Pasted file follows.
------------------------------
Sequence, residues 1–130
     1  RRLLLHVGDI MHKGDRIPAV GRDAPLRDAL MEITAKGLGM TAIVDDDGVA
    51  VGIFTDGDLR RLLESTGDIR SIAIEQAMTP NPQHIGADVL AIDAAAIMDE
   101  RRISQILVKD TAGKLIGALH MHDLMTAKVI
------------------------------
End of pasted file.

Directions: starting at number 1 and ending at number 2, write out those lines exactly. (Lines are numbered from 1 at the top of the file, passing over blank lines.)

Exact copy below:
Sequence, residues 1–130
     1  RRLLLHVGDI MHKGDRIPAV GRDAPLRDAL MEITAKGLGM TAIVDDDGVA